Phylum Bryophyta

Mosses (Phylum Bryophyta) may be found all around the world and inhabit diverse habitats.  Habitats range from exposed rock types, shaded coniferous forests, to bogs.  Mosses can be distinguished from liverworts (Phylum Marchantiophyta) and hornworts (Phylum Anthocerotophyta) by a number of gametophytic and sporophytic features.

The gametophytic generation of mosses is characterized by its organization and morphology of its tissue.  Much like tracheophytes (commonly known as vascular plants), mosses have leaves.  Leaves are unistratose and radially arranged around a stem.

Mosses are may be acrocarpous, with their shoots grow vertical in tufts with the sporophyte terminal on the shoot. Mosses may also be pleurocarpous, with their shoots grow laterally in mats with the sporophyte on specialized buds or branches. Species can be distinguished by means of the features of their leaves.  A commonality to leaves is the presence of chloroplasts, and lack of oil bodies. The conducting tissues of Bryophyta are not lignified, thus are not tracheophytes.  Nevertheless, mosses contain conducting tissues known as hydroids, for water transport. Mosses rarely contain leptiods, these cells are responsible for nutrient conduction. Hydroids and leptoids may be found in the stem or leaves, depending on the species.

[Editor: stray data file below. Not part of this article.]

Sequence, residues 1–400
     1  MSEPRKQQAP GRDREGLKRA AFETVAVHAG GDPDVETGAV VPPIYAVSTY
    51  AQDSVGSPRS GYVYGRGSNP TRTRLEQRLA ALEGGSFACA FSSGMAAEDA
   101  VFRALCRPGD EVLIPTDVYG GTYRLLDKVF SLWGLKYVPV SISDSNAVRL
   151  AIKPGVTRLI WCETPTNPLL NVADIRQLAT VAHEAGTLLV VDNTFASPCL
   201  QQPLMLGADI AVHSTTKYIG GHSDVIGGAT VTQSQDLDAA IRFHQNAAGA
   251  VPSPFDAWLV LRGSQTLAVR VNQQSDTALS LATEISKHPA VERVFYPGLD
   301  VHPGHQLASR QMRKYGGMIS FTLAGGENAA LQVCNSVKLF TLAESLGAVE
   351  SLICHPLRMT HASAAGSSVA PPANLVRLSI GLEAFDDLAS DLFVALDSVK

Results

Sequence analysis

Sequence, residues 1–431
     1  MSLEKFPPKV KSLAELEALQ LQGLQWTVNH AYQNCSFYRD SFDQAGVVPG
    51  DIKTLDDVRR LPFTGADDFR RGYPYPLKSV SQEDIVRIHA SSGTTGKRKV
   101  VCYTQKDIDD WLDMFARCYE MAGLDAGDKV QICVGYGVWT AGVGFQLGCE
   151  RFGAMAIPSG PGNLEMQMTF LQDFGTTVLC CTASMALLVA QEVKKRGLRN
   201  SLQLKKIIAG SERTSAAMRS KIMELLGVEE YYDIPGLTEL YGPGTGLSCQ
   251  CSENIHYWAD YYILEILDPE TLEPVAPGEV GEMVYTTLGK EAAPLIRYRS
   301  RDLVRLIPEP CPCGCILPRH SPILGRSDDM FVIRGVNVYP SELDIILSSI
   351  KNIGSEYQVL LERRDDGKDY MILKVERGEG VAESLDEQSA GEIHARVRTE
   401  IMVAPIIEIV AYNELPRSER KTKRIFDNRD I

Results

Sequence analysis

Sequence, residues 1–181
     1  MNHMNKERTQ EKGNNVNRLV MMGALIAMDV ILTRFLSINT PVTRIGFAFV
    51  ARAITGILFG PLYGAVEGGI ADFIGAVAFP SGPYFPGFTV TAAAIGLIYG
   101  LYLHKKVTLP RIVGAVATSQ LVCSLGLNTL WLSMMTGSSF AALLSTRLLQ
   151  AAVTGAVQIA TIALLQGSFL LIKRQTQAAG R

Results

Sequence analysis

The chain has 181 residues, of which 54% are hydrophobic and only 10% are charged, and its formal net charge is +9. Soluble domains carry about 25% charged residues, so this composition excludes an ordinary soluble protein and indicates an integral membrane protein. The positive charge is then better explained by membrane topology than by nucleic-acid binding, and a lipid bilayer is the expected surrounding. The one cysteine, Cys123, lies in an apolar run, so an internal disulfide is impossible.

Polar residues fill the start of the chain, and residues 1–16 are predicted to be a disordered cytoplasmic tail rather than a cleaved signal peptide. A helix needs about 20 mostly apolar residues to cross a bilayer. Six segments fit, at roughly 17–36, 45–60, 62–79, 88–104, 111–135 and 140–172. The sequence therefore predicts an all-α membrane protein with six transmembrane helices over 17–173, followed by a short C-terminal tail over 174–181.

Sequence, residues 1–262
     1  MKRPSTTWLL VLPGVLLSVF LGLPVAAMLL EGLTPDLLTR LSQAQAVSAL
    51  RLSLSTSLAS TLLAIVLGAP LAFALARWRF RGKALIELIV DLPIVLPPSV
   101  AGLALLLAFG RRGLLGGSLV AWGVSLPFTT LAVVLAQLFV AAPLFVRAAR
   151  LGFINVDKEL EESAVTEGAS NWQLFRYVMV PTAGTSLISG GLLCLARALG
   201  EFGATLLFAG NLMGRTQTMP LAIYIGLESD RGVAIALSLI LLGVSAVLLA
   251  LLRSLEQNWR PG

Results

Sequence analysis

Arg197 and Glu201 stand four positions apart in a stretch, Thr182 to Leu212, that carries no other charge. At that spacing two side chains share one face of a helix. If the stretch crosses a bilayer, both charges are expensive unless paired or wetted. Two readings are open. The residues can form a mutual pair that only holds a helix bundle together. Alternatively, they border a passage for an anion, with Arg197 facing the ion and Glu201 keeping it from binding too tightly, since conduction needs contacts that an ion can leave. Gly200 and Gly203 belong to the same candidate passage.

The sporophytic generation is more complex than liverworts and hornworts and generally defines the phylum.  Growth of the sporophyte is determinate and there are three main parts of the sporophyte known as the foot, seta, and sporangium.  The seta supports and elevates the sporangium to aid in spore dispersal. The seta elongates to elevate the sporangium before the sporangium and spores are fully mature. The calyptra, a protective tissue around the sporangium arising from the ventor of the archegonium, expands after seta elongation and falls off the sporangium when the sporangium is mature. The spores are released when the sporangium is mature and typically dry. An operculum, at the apex of the sporangium, falls off to expose peristome teeth that aid in the dispersal of spores. Peristome teeth arrangement and morphology aid in distinguishing certain taxonomic categories. Finally, stomata are typically present on the walls of the sporangium.  Stomata aid in gas exchange and are also found on tracheophytes.


Class Bryopsida

Class Tetraphidopsida

Class Polytrichopsida

Class Oedopodiopsida

Class Andreaeopsida

Class Andreaeobryopsida

Class Sphagnopsida

Class Takakiopsida